The painters who made these images were often themselves haunted, afflicted or eccentric figures. William Matthew Prior’s vision of the faces of three disembodied “Heavenly Children” emerging from a bank of clouds is one of the show’s most fanciful images; he had, we’re told, “lost his first wife and six of their children by the time this portrait was painted,” shortly after which he took up Spiritualism. The prolific New England portraitist Joseph Whiting Stock had been confined to a wheelchair by an oxcart accident at age eleven and would die of consumption before he turned 41. His portraits combine a probing eye for detail with a curious disregard for perspective, but their most startling aspect is the uniform expression of serene omniscience he gave nearly all the plump children he painted, as if they’d already crossed over to a new and higher level of spiritual insight. (Many of his numerous postmortem portraits, Hollander notes, he recorded as having been made “from corpse.”)

These painters usually came from poorer backgrounds and moved outside the most rarified artistic circles, which would help explain the odd crudity and stiffness of the pictures they produced. Decades ago, the scholar Phoebe Lloyd put it bluntly: “artists of repute gladly refused such work,” leaving “the ghoulish task…to poor young artists” who had emerged from “the itinerant circuit.” The families who commissioned these pictures were, on average, wealthier than the painters who made them. (They were also overwhelmingly white. It is extremely difficult to find posthumous paintings depicting black children. In this respect, too, photography expanded the range of people such images could show.)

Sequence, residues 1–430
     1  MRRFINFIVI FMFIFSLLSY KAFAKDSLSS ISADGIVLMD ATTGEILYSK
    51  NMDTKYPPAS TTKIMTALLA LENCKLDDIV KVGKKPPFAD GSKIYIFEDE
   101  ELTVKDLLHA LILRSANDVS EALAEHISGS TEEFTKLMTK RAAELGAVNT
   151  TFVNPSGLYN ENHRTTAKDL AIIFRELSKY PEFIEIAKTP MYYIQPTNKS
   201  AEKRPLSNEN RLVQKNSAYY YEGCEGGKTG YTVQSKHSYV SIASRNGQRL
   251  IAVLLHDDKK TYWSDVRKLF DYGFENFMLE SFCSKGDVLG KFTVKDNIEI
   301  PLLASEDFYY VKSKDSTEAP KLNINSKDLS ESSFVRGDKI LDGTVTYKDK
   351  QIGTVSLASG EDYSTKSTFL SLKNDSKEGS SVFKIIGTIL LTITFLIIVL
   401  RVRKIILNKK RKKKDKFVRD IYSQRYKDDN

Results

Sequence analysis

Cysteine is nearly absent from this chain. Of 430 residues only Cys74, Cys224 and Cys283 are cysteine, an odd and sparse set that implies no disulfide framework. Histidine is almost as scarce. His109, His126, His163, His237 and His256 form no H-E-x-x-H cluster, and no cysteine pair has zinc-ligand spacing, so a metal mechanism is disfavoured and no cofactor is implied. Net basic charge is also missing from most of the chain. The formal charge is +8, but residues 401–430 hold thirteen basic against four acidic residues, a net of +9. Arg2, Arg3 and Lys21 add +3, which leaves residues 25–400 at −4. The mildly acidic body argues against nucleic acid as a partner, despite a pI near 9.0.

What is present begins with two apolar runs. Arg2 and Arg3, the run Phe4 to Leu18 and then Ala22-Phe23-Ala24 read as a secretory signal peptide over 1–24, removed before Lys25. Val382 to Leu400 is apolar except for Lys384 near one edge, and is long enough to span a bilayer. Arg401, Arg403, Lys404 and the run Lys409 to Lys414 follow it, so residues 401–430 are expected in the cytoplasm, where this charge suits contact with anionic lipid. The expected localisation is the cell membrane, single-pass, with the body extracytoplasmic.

But these artists were good at creating a mood of otherworldliness and piety. It was likely for this reason, Hollander suggests, that paintings of the dead didn’t completely disappear, even after the emergence of photography. Families still wanted the kind of idealized representations they saw in these portraits. Photographs were sometimes enlisted to serve this purpose: The artist could take a photograph and paint from that, sparing him the ordeal of working “from corpse.” It wasn’t uncommon for families to commission both a photograph and a painting. Some of the strangest pictures in Securing the Shadow are photographs of family members holding memorial paintings of their deceased relatives—a kind of compromise between the real and the imagined.


The appeal of photographs, however, was hard to deny. By the middle of the century, postmortem daguerreotypes had become a basic part of American mourning. Many of the surviving examples of these kinds of pictures now reside in the collection of Stanley Burns, an ophthalmologist whose books on memorial photography helped renew interest in the history of the practice. The more than 50 posthumous daguerreotypes on display in Securing the Shadow come from Burns’s enormous collection of medical, criminal, and mortuary photographs. Like the show’s painted portraits, they’re predominantly pictures of children. Some show their subjects as corpses and others pose them, sometimes together with their living relatives, as if they haven’t yet died.